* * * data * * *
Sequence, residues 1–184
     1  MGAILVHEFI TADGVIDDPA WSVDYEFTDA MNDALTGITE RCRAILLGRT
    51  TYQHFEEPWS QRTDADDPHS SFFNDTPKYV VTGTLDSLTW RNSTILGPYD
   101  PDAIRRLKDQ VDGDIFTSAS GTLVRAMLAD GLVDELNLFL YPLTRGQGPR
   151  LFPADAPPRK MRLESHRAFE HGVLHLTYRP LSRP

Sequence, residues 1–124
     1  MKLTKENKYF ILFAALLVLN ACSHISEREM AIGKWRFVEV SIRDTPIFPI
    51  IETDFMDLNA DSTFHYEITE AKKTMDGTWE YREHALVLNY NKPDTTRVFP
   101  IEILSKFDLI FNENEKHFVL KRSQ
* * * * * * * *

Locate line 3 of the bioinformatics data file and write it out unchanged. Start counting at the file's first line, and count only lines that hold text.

    51  TYQHFEEPWS QRTDADDPHS SFFNDTPKYV VTGTLDSLTW RNSTILGPYD